In 2014 there was talk, lots of talk, about the lack of diversity in the leading tech firms. The big companies released (Microsoft, yesterday) their diversity numbers, were somewhat contrite, and vowed to do better. It might be that the problem in saying that they will try to do better is motivation. Attempts to try to do better seem to be made for the press’s benefit, because it “seems right” and is politically, morally and ethically correct. For businesses, that might not be a strong enough motivator.
My blog has focused on products in tech and what I’d like to do in 2015 is focus on cases where diversity could have helped improve a product, and help it better fit its target market. After all, the product-market fit is the current holy grail in Valley startups so it follows that a stronger, better fit can serve to drive adoption and success. That’s why I feel it makes sense to point out cases where the target market wasn’t reflected in the product team and where that caused friction and perhaps, in some cases, loss of income.
A few cases I noticed in 2014, from the very trivial to the bigger issues:
- The World Cup on Twitter. Google said in its search summary of 2014 that the World Cup was the second most popular search term (after Robin Williams, respect!) of the year. The important matches in the Cup are the most-watched television events of the year and it makes sense that Twitter chose to create special channels and products in time for the event. Yet, in the first few days of matches, Twitter had no idea how to display game time and chose this rather awkward format of “34:00 P2” to denote the 34th minute of the second half. This is meaningless to any soccer fan who knows that soccer is played for 90 minutes and that the correct way to display the above time is 79:00. Did Twitter really have no Latin American or European soccer-loving fan on the World Cup team?
- Apple Health & women. The Atlantic wrote an interesting article about women and diversity in tech firms and how that influences product development. One of the examples they focused on was how Apple Health doesn’t track menstrual cycles. Women are asked asked about their cycle every time they go to the doctor. They’ve tracked it for years, first with a paper diary, then with calendars and now with dedicated apps. The Verge marked this absurdity by asking “is it really too much to ask that Apple treat women, and their health, with as much care as they’ve treated humanity’s sodium intake?” From the outside looking in this seems to be a case where there either wasn’t a woman on the product team at all or she wasn’t in a position of influence. In any case, the lack of menstrual cycle tracking in what is supposed to be a comprehensive health dashboard is ridiculous.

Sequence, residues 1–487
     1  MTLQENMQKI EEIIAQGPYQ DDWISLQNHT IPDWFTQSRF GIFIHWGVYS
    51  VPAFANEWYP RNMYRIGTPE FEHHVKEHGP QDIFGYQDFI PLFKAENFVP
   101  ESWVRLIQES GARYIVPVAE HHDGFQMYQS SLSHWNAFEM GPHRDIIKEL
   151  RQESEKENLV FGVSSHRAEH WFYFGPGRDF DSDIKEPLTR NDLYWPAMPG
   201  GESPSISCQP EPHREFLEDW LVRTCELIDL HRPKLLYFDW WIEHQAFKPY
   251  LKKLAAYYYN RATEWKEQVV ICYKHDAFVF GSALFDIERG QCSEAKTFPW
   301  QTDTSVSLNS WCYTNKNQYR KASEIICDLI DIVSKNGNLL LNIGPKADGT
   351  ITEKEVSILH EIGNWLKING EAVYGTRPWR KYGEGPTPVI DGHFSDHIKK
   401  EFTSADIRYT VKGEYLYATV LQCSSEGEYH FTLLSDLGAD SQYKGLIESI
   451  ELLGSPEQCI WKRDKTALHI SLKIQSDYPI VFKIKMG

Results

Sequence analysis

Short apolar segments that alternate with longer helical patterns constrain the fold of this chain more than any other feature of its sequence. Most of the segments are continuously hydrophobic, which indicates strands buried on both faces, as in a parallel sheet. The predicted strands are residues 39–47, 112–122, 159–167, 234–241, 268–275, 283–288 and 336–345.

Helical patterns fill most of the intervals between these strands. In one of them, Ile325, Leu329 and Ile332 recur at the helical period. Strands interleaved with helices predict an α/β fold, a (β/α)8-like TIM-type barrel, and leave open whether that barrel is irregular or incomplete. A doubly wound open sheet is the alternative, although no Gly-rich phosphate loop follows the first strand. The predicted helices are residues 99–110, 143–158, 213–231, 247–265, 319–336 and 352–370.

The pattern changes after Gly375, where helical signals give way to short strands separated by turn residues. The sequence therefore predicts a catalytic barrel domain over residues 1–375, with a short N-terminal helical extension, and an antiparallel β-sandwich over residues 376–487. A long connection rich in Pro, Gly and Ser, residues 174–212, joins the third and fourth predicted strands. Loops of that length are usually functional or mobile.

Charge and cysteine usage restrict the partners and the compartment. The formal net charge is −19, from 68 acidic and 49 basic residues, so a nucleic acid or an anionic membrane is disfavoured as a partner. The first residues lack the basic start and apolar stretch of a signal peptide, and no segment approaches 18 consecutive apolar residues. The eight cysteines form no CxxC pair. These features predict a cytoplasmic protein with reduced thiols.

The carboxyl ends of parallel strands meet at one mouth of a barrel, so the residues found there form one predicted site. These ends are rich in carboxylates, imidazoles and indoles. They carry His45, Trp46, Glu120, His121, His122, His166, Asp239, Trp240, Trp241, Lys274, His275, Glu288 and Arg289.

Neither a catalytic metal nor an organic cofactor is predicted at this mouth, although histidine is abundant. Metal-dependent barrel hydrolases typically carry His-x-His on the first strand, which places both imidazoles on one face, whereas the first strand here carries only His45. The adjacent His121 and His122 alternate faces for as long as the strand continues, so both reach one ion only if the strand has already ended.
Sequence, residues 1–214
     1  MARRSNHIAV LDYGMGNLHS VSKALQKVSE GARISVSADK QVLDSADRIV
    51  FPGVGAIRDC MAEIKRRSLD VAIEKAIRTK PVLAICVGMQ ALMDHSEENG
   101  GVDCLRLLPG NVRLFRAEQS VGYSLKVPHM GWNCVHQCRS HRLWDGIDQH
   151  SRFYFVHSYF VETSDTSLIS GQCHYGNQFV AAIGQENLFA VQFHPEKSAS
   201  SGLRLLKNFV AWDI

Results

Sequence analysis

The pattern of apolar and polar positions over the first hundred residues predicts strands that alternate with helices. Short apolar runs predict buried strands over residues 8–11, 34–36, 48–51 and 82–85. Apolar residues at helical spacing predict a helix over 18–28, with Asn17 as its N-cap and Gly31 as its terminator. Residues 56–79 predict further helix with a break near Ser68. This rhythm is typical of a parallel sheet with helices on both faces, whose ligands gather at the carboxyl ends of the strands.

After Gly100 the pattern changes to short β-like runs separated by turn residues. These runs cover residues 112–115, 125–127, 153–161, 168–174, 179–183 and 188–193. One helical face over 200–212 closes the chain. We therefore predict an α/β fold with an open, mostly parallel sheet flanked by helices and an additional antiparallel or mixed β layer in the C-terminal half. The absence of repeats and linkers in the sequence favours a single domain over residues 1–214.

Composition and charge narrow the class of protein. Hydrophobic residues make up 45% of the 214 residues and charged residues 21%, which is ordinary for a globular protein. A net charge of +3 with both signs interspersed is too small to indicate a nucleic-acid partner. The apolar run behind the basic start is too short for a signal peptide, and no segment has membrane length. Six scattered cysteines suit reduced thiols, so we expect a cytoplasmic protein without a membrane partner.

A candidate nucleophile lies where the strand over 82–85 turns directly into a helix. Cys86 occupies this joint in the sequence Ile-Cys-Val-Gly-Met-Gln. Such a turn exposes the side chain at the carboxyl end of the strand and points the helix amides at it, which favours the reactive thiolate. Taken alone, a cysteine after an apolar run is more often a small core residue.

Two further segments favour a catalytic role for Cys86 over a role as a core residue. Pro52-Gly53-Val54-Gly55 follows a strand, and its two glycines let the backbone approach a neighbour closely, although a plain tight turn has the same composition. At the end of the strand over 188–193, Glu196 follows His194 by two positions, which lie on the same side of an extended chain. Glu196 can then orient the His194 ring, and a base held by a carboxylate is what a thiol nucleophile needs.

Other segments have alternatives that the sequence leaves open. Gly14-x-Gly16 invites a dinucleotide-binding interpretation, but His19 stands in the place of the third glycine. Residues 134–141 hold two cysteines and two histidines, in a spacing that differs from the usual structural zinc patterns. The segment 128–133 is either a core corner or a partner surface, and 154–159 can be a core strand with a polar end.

- Uber, women and safety. Uber has had a tumultuous year, with one of their problems being background checks on drivers and the problems that causes, the most serious ones being rape. Instead of being the safer transportation solution that many women wanted, Uber ended up ignoring that desire in their rush to expand to new markets. One of their competitors, She Rides, offers an interesting product solution to women passenger’s fears: female drivers. Could Uber have done this? Probably. By matching, by request, female passengers to female drivers, Uber could have made both feel more secure.
- Facebook’s Year in Review. Every year Facebook uses its wealth of information created by users to offer them a way to share the entire year by automatically creating a slideshow with what their algorithm thinks are special moments. What the product team for Year in Review failed to realize is that not every Facebook user had a special year. Some had an especially bad year and with Facebook’s decision to automatically create a Year in Review and present it to every user, there were bound to be some terrible user experiences. Eric Meyer wrote an incredibly touching and insightful post about how this product affected him. One of the common responses he received to that post, which he quoted in a follow up post (and denied) was “What do you expect from a bunch of privileged early-20s hipster Silicon Valley brogrammers who’ve never known pain or even want?” His response, which I admire for its restraint, said that we cannot know what evils younger product developers have experienced. He goes on to say that imagining worst case scenarios is something every product team should be looking for. He’s absolutely right but I believe a more diverse team, one with, yes, more life experience and perhaps a bit older than the 20-something Facebookers, could have at least looked for a solution.
So there you have it, four examples where nationality, gender and age representation could have created a better product for the intended market. I’ll try to point more of these out as I see them and perhaps, eventually, Silicon Valley will realize that diversity doesn’t just “look better” but is actually beneficial to products, their users, and the bottom line.
Update: Intel announced yesterday that it would spend $300 million in the next three years to promote diversity at the company. That budget would be spent on attracting more women and minorities to technology, hiring more and retention. It will be interesting to see how this works for Intel and how many other tech companies will feel the pressure to do something similar